US Steel, a corporate vestige from the era of American industrialists Andrew Carnegie and JP Morgan, has put itself up for sale, saying on Sunday it has hired financial advisers to evaluate bids for the company.
The company said it has already received multiple unsolicited bids that ranged from the possible acquisition of the whole company to specific assets. The board has started a review process with outside financial and legal advisers to evaluate strategic alternatives for the company.
US Steel cautioned its efforts might not culminate in a deal and said it wouldn’t be commenting further on the possible sale.
The announcement comes two weeks after chief executive David Burritt touted the company’s strength and thanked Washington for passing the US Inflation Reduction Act of 2022, which provided billions of dollars for clean energy manufacturing.
“I’d say the IRA is misnamed. It’s a Manufacturing Renaissance Act,” Burritt said. “We applaud those that made it happen, and we look forward to the tailwinds we believe it will provide for the steel industry for years to come.”
“I hope you can hear the excitement in my voice when I discuss these global trends, deglobalisation, decarbonisation and how they align with US Steel strategy,” he added.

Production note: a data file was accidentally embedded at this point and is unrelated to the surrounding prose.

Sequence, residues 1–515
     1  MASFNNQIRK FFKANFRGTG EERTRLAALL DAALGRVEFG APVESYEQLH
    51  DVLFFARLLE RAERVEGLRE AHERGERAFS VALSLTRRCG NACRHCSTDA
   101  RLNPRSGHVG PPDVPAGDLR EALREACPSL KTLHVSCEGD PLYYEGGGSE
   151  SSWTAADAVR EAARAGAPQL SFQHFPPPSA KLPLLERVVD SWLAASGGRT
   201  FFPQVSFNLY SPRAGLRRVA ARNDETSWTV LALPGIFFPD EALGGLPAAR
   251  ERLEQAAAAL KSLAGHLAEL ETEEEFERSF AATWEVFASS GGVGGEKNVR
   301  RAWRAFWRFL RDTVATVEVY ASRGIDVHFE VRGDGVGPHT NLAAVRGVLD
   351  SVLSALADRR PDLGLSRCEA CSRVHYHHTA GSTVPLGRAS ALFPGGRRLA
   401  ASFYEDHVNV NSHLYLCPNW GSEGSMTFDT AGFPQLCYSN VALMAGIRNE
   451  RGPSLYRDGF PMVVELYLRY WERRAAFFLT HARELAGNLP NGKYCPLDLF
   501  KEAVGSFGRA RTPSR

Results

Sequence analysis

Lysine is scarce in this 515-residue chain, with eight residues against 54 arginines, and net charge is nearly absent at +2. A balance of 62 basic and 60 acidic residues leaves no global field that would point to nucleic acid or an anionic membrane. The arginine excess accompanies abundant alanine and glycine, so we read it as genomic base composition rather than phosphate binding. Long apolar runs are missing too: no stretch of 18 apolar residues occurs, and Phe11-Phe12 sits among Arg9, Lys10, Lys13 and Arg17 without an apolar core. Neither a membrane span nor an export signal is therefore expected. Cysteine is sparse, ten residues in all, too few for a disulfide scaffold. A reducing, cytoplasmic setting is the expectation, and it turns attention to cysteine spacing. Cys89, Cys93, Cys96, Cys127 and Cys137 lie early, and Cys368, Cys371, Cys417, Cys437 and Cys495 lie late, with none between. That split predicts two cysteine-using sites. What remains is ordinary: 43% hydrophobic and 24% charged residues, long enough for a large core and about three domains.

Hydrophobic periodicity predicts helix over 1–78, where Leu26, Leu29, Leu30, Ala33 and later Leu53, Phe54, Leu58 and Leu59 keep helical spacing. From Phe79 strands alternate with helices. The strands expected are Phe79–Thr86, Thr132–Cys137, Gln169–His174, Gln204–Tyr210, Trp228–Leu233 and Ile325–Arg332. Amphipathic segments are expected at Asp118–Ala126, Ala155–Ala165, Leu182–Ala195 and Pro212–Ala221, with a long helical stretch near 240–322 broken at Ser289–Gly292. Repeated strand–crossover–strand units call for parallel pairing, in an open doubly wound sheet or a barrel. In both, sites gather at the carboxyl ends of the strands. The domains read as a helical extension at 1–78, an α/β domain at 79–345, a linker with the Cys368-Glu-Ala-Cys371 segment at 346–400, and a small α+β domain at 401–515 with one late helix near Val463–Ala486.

“These are long-term tailwinds that will provide uplift as we execute our strategic transformation to being a less cost-intensive, less capital-intensive and less carbon-intensive business. The path to value creation is clear,” Burritt said.
Pittsburgh-based US Steel has been a symbol of US manufacturing since it was formed in 1901. Financier JP Morgan bought it from Carnegie and combined it with a rival to form “the nucleus” of the company.
The company says that its steel helped build Chicago’s Willis Tower and the United Nations Building in New York, as well as supplying hundreds of millions of tonnes of steel for the US military during world war two.
But US Steel has struggled in recent years. Its share price is down 24 per cent from five years ago and lags an S&P materials benchmark index.
The company has rapidly transitioned its production to include more electric arc furnace steelmaking while closing inefficient and higher-emitting blast furnaces, according to an August 7 report from S&P. US Steel has a target to reduce greenhouse gas emissions intensity by 20 per cent by 2030, S&P said.